I’m sure the publishers thought they were onto a winner when they came up with an idea for the tweeny journal of Queen Amidala. Supposedly this book even features pictures of each of her different outfits. Yay? This was just another symptom of the underlying issue; you can’t make an uninteresting story, well, interesting - no matter whose perspective you’re telling it from. And Lucas seemed too interested in having his fingers in all the pies and saturating the market, as opposed to telling a thrilling yarn. The tweeny Queen writes awesome things in her awesome journal - is this Star Wars or 90210? And, not to be sexist, but since when did teenage girls show any interest in Star Wars? They certainly didn’t at my school (in Lucas’s defence, at least he was eager to please).
Enough with the bashing! I honestly believe, over time, that The Phantom Menace has blossomed as the best of the prequel trilogy and is a visually exciting and underrated cinematic oddity. Strong words?
Well, the screen isn’t as overbloated as the further instalments (glorified computer games) and the visuals truly have an olde-worldie (?) feel about them. From the lavish costumes to the sweeping landscapes, the attention detail is sublime. John Williams’ score is a refreshing mix of new material and classic themes, and the performances of Liam Neeson and Ewan McGregor, whiles not exactly Oscar-worthy, are admirably serious and feel authentic to the Star Wars universe.
The film’s rampant merchandising also ensured that Lucas had to enrich his story with ancillary characters and backstories, allowing viewers to pick up new details with each repeated viewing. The frame is never flat or empty. This also led to a marketing frenzy – the toys that accompanied the film could only get so much mileage out of the six or seven main characters so kids were treated to the delights of ‘Palace Guard Number’ and ‘Gragra’, the equivalent of your local corner shop worker. Lucas created a film with the potential for children and adults alike to imagine what else might be going on in this universe. Shameless cash-in or creative genius?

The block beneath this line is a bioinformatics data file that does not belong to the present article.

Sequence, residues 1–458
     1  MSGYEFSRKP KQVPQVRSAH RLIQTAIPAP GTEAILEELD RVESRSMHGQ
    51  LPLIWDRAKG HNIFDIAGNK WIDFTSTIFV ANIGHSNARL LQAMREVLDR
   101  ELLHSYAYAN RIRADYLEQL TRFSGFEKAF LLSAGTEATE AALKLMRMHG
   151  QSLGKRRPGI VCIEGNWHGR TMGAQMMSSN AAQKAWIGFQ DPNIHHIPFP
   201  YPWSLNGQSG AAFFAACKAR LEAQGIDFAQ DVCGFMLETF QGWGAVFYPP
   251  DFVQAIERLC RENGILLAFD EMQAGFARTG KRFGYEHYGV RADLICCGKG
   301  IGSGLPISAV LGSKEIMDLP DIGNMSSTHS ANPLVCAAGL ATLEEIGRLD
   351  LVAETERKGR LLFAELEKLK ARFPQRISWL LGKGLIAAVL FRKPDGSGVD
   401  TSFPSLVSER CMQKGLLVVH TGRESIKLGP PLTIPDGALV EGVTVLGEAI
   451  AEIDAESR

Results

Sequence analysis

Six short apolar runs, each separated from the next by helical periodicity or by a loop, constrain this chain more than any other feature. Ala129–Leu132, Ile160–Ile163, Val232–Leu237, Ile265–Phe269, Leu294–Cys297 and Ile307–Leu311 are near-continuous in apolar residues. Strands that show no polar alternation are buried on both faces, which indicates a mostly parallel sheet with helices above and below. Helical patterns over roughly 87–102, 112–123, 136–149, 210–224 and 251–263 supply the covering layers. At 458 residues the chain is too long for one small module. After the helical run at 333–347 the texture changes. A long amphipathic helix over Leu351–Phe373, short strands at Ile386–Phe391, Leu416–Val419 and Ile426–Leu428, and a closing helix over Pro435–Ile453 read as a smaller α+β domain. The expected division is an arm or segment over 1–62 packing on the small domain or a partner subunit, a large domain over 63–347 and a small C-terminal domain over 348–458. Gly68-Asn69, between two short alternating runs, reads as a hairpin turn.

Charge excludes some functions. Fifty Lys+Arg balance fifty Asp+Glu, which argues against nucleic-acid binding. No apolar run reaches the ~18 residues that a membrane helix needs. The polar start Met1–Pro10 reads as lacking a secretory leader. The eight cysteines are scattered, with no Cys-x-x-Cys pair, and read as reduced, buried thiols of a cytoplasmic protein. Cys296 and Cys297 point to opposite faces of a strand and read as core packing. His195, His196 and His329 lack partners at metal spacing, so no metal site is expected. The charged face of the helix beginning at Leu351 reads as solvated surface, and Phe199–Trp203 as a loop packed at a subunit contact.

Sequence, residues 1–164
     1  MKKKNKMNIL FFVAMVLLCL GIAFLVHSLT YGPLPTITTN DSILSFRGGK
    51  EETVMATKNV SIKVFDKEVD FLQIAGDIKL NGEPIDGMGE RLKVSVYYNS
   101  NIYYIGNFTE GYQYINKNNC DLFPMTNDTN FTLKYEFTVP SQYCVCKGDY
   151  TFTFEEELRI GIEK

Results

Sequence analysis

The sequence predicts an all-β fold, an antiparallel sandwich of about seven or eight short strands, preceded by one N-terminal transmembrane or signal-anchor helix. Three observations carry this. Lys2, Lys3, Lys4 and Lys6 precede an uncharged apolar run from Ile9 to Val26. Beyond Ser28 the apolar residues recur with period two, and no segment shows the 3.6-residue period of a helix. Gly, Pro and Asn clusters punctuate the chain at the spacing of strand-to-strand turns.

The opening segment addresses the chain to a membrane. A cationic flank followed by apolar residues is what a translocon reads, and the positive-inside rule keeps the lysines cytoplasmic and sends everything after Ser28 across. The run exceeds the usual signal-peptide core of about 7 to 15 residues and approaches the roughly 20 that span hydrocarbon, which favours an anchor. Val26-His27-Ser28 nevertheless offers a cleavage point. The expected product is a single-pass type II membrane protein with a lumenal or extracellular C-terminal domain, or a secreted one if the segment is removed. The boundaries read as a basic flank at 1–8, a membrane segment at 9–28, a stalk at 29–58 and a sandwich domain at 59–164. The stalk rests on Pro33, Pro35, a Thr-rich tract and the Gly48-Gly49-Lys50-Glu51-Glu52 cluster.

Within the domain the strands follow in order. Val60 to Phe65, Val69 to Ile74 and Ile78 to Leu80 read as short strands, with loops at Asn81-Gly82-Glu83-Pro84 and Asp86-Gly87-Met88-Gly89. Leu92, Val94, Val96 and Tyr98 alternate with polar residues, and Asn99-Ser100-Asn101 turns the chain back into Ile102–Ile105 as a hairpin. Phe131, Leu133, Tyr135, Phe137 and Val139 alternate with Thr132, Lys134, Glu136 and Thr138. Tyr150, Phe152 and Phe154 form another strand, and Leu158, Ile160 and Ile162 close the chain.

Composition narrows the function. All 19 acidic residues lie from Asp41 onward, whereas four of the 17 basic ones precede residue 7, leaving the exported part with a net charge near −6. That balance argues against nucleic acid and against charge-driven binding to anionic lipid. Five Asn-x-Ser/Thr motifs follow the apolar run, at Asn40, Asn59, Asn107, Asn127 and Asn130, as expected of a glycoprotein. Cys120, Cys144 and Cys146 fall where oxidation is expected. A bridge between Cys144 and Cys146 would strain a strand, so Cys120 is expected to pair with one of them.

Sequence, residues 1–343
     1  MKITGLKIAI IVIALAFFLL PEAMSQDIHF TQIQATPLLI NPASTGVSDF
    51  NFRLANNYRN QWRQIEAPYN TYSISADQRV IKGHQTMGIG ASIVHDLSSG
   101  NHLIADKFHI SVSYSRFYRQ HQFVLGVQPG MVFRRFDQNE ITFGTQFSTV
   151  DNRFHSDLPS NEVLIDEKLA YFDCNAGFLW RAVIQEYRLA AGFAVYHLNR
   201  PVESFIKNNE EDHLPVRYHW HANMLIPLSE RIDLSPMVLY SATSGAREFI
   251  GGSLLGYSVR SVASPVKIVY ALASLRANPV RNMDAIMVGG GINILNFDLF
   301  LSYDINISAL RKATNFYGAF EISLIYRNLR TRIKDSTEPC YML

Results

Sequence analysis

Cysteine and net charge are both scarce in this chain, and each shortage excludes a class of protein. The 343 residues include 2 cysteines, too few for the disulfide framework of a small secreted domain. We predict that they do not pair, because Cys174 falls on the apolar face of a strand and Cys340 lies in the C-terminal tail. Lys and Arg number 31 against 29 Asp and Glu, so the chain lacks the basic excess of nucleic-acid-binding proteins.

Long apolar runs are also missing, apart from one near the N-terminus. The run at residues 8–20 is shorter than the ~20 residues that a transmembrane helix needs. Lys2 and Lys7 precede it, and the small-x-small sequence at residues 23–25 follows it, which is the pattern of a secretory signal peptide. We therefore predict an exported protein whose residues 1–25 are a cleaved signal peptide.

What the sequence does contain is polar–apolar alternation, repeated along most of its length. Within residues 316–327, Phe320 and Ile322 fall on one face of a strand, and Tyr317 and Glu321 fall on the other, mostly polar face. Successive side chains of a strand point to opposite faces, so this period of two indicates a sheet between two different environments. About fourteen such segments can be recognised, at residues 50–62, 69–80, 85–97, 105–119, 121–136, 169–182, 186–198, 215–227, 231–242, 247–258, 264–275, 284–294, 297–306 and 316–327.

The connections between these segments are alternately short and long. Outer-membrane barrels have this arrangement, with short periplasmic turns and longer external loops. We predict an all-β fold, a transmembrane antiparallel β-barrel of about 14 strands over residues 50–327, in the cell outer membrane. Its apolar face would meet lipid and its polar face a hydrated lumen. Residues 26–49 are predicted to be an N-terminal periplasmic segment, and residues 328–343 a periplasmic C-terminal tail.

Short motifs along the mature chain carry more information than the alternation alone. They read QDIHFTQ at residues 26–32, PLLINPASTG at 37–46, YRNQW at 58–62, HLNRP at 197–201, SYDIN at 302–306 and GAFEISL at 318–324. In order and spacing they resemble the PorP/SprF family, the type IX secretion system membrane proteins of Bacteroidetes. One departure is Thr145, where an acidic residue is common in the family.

Only time will tell, but I would like to believe the latter statement. No-one spots a money-making scheme better than Lucas, but nobody fills a film with ‘Gragras’ and ‘Palace Guards’ like Lucas either. The universe feels complete, full, and functional.
Ten years later, we can still feel the ramifications of the film’s successes and failures. No film has been marketed to death the way The Phantom Menace was, but no film has attracted the levels of intense media and public interest either. Did it make moviegoers more cynical? Is getting excited about new releases now a worthless endeavour? Probably. But it also led to a revisit of seemingly dead franchises (Indiana Jones, Battlestar Galactica) and marketed itself straight into Poundstretchers and Right Prices (RIP) across the country. It captivated the imagination of children and catapulted cinema directly into the digital age. And it brought us ‘Jar Jar Sex Candy’.
Now, about that ‘Jar Jar Sex Candy…’ Lucas was criticised for making a French kissing Jar Jar Binks toy, as per this story.
“Shame on you, George Lucas” indeed. This particular toy/sweet/abomination is a true masterpiece - how many other films inspire alien sex toys with edible tongues? I can’t think of any either. For that reason and that reason alone, The Phantom Menace stands out as a trailblazer like no other.